We’re going to talk about EtherNet/IP again this month. I’ve discussed it a number of times in these pages, but there are still aspects of it and idiosyncrasies that are pretty interesting even after all this time.
The topic for this discussion of EtherNet/IP is going to be EtherNet/IP connection management. Before we go there, let’s review the basics of EtherNet/IP so we’re all on the same page. Here are my ten keys to understanding EtherNet/IP:
1 - EtherNet/IP uses standard Ethernet – same as your home network, but I hope that you’re running more industrialized, hardened devices in your factory.
2 - EtherNet/IP messaging is based on CIP – the Common Industrial Protocol. CIP defines the messages, the objects and the profiles (device classifications) used in EtherNet/IP. CIP is also the core of ControlNet, DeviceNet and CompoNet.
3 - EtherNet/IP was derived from ControlNet (one of the other CIP protocols) using many of the same constructs for creating connections and performing messaging. A main difference is the physical layer and the messaging scheduling.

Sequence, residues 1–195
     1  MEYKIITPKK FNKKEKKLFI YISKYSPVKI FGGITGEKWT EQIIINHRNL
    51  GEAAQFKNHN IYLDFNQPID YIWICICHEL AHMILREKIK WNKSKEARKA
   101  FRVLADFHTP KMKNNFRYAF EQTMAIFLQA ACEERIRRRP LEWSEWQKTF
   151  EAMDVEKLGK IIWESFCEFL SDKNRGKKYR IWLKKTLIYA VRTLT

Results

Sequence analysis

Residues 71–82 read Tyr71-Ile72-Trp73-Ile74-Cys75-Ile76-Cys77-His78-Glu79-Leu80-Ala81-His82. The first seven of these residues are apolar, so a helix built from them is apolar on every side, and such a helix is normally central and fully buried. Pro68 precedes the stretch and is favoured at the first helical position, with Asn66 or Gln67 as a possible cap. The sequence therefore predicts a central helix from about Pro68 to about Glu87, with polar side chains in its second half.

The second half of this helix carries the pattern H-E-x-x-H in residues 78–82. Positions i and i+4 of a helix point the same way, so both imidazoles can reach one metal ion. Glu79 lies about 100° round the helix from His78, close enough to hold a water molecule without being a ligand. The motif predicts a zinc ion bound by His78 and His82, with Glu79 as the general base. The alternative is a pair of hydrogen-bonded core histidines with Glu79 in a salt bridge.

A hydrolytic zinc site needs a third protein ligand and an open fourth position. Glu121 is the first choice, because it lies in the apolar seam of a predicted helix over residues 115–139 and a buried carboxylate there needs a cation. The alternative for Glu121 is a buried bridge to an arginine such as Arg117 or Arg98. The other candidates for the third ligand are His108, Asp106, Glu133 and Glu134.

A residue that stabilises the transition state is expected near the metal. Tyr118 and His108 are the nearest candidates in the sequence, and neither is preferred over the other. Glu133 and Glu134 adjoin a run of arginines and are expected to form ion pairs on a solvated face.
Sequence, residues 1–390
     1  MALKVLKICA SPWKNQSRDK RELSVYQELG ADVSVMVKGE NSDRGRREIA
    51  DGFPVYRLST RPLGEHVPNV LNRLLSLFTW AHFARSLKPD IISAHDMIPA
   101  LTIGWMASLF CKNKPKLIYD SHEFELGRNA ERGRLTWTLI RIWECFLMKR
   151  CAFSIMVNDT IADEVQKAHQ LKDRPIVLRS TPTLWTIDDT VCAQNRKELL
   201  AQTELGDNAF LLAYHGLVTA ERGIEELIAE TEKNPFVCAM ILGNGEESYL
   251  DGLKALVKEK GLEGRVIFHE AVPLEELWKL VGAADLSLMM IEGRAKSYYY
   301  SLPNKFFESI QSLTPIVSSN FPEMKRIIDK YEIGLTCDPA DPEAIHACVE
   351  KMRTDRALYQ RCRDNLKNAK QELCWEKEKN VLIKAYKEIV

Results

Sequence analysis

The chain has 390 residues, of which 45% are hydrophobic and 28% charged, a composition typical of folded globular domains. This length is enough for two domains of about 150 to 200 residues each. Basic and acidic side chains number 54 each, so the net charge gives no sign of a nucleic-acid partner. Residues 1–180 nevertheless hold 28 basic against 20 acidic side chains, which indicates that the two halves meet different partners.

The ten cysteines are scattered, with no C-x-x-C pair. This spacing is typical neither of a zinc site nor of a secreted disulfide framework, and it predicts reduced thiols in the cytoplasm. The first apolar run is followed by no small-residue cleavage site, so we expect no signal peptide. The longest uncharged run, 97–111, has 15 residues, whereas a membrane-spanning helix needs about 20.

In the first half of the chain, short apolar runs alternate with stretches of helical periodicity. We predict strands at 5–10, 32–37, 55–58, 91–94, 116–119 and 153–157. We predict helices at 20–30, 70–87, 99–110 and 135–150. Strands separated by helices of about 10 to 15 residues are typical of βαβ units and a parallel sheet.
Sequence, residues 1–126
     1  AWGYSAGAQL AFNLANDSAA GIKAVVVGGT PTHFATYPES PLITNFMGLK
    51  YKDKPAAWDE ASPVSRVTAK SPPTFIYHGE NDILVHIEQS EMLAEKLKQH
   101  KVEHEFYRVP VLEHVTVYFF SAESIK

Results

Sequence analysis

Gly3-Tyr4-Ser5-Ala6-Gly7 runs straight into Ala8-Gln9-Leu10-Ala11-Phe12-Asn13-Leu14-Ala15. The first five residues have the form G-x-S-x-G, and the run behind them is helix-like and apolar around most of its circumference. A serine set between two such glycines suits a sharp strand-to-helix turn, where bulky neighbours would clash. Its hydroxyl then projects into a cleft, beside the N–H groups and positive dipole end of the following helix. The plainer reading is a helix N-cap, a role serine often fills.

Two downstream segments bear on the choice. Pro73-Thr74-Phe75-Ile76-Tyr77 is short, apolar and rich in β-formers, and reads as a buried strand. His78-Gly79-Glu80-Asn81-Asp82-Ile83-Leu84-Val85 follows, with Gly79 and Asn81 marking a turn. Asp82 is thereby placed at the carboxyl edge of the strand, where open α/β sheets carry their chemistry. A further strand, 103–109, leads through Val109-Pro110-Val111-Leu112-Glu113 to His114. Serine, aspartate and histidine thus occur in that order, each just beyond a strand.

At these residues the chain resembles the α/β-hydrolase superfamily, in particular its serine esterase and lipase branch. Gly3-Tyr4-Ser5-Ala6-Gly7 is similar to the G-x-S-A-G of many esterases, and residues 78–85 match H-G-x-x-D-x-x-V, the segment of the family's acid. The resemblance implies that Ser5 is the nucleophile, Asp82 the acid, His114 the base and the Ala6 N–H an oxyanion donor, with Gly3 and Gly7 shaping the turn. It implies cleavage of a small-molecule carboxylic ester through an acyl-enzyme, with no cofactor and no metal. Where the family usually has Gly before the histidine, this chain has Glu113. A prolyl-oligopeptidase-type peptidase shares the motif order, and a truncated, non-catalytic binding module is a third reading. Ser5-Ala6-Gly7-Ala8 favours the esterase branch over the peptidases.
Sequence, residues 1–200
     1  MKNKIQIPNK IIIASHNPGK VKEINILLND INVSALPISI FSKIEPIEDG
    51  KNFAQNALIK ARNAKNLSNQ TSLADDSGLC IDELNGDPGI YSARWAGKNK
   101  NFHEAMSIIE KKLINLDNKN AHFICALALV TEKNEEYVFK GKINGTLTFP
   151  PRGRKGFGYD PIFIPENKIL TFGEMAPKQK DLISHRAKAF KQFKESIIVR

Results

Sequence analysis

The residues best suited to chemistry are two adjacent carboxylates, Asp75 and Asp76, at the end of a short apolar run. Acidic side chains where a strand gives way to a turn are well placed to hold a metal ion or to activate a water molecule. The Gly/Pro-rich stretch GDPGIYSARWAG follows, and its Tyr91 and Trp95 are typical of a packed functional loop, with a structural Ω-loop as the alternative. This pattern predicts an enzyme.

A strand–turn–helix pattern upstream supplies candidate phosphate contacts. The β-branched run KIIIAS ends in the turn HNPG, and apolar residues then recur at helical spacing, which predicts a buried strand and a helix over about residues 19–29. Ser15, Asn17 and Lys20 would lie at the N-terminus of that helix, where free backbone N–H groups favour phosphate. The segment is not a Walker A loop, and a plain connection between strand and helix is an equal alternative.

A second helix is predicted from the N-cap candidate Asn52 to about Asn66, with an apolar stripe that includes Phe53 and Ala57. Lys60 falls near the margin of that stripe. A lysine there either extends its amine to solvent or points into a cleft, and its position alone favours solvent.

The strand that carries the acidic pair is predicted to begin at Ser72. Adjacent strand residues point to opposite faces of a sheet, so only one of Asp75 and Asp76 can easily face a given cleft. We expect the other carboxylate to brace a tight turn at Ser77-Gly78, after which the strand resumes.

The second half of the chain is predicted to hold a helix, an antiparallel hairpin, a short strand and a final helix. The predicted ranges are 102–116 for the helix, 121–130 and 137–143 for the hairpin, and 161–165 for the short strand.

4 - The ODVA owns the technology and the specification. You might be able to code an EtherNet/IP device, but you can’t legally use the EtherNet/IP name without signing a license agreement. I know that because I once dated a very pretty, red-headed lawyer.
5 - EtherNet/IP is a certifiable standard – The EtherNet/IP license agreement states that you won’t sell an Adapter device without ODVA certification testing in their lab. But we make that easy. If you use our source code, we handle all that for you.
6 - EtherNet/IP has two device types: the Scanner and the Adapter. The Scanner, almost always a PLC, makes connections to Adapters and writes Outputs to its Adapters. The Adapter accepts connections and delivers Inputs to the Scanner.